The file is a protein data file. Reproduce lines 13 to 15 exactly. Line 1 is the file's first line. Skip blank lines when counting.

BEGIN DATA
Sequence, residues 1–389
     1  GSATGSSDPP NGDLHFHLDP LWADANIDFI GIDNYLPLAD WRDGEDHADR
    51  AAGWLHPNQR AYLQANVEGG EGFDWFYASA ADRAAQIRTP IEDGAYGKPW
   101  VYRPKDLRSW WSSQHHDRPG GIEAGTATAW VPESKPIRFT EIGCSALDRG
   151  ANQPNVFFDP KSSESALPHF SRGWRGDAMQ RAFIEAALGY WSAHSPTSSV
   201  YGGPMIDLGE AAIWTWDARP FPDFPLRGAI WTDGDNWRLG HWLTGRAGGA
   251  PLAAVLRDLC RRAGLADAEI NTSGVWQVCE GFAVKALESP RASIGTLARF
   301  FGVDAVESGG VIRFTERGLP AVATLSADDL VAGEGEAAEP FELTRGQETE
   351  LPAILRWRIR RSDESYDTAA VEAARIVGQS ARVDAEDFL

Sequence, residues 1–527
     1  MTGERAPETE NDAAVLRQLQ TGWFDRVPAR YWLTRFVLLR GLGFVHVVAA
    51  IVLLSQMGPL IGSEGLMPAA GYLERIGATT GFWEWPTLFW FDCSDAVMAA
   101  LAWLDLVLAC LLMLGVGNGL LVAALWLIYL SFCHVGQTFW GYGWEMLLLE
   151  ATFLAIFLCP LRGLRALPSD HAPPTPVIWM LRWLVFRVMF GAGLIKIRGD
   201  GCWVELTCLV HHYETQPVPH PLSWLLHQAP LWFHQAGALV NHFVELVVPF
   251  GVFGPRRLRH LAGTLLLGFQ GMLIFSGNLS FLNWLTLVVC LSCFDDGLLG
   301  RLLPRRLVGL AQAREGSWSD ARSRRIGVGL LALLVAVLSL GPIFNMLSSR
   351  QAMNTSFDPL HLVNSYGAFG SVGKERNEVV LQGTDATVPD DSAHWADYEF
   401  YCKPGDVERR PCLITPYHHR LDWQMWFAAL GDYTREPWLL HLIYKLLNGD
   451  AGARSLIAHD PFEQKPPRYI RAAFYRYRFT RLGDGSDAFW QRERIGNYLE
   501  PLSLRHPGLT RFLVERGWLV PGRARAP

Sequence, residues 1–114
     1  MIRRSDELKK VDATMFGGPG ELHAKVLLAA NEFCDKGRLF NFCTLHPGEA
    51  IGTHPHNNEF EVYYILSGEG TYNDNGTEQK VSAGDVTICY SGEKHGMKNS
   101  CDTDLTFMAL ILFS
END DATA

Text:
   101  LAWLDLVLAC LLMLGVGNGL LVAALWLIYL SFCHVGQTFW GYGWEMLLLE
   151  ATFLAIFLCP LRGLRALPSD HAPPTPVIWM LRWLVFRVMF GAGLIKIRGD
   201  GCWVELTCLV HHYETQPVPH PLSWLLHQAP LWFHQAGALV NHFVELVVPF